“Your happiness depends on your expectations more than anything else.”

It’s been like this forever. Montesquieu wrote 275 years ago, “If you only wished to be happy, this could be easily accomplished; but we wish to be happier than other people, and this is always difficult, for we believe others to be happier than they are.”

John D. Rockefeller never had penicillin, sunscreen, or Advil. But you can’t say a low-income American with Advil and sunscreen today should feel better off than Rockefeller, because that’s not how people’s heads work. People gauge their wellbeing relative to those around them, and luxuries become necessities in a remarkably short period of time when the people around you become better off. Investor Charlie Munger once noted that the world isn’t driven by greed; it’s driven by envy.

4. Calm plants the seeds of crazy.

There is a very common life cycle of greed and fear. It goes like this: First you assume good news is permanent. Then you become oblivious to bad news. Then you ignore bad news. Then you deny bad news. Then you panic at bad news. Then you accept bad news. Then you assume bad news is permanent. Then you ignore good news. Then you deny good news. Then you accept good news. Then you assume good news is permanent.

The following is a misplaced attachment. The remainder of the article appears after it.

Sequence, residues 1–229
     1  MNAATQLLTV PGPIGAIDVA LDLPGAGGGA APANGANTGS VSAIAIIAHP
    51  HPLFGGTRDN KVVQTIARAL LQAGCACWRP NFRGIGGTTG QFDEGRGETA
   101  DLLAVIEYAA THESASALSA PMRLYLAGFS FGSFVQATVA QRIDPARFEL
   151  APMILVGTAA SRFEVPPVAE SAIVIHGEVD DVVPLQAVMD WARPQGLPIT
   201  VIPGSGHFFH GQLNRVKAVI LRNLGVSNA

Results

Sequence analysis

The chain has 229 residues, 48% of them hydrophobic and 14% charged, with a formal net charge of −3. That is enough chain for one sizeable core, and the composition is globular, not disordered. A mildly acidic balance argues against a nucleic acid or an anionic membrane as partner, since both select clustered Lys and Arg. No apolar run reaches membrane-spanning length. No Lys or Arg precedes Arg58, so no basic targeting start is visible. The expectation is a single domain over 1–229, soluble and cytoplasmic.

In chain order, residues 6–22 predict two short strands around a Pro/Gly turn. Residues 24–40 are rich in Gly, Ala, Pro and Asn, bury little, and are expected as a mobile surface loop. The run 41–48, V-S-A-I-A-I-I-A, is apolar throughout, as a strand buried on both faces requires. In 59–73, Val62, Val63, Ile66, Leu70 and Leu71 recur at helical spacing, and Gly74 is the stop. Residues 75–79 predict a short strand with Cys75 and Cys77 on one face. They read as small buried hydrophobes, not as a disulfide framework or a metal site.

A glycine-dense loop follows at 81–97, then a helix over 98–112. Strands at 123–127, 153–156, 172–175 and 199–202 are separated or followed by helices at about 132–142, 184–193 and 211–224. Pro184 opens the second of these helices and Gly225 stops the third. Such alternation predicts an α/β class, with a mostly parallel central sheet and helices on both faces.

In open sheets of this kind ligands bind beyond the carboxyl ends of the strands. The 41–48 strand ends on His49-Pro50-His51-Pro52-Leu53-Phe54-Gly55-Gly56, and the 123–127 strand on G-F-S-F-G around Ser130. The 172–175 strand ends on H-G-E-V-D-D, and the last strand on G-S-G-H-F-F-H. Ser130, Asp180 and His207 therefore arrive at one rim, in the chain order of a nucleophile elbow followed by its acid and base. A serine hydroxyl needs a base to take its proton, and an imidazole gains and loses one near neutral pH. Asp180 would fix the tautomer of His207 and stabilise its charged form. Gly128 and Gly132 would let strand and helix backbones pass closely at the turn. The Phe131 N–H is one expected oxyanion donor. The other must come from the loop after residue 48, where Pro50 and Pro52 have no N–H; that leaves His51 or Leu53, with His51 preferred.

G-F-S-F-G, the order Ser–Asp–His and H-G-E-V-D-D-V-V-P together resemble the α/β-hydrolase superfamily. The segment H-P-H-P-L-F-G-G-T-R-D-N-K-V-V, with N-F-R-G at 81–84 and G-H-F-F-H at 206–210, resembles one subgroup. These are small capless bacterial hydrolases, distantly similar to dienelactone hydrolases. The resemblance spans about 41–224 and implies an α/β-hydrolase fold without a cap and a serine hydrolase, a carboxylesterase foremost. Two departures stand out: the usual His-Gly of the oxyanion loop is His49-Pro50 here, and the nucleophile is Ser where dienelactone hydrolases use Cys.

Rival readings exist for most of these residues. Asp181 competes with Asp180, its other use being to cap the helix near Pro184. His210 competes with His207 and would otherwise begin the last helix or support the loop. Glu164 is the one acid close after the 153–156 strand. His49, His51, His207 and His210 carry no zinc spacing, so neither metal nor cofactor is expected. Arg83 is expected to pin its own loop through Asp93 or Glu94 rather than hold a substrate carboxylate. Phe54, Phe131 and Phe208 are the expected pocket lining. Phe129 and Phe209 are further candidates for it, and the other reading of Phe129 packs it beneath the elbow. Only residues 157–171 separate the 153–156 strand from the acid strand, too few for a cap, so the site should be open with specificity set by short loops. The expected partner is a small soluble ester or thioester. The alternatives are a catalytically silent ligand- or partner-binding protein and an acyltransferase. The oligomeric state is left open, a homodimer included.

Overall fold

And we’re back where we began. The cycle repeats. It has always been the case, and always will be.

The 1960s were a period of scientific optimism. In the previous fifty years, the world had gone from horse and buggy to a man on the moon, and from bloodletting to organ transplants. This caused a push among economists to try to eradicate the scourge of recessions. If we could launch intercontinental ballistic missiles and walk on the moon, surely we could prevent two quarters of negative GDP growth.

Hyman Minsky, who spent most of his career as an economist at Washington University in St. Louis, was fascinated by the boom and bust nature of economies. He also thought the idea of eradicating recessions was nonsense, and always would be.

“Minsky’s big idea was that stability is destabilizing.”

Minsky’s seminal theory was called the financial instability hypothesis. The idea isn’t heavy on math and formulas. It describes a psychological process that basically goes like this: When an economy is stable, people get optimistic. When people get optimistic, they go into debt. When they go into debt, the economy becomes unstable.

Minsky’s big idea was that stability is destabilizing. A lack of recessions actually plants the seeds of the next recession, which is why we can never get rid of them.

Imagine a world where the stock market never went down. Market stability is all but assured, and stocks only go up. What would you do? You would buy as many stocks as you possibly could. You would mortgage your house and buy more. You’d consider selling a kidney and buy more still. That would be the reasonable thing to do! And in the process, the price of stocks would get bid up. Their valuations would become ever more expensive. They would get so expensive that their future return prospects would decline close to zero. And at that very moment, the seeds of breakdown would start to sprout. With assets priced high and no room for error, markets would be hanging on by a thread, crushed at the first sniff of anything less than perfection.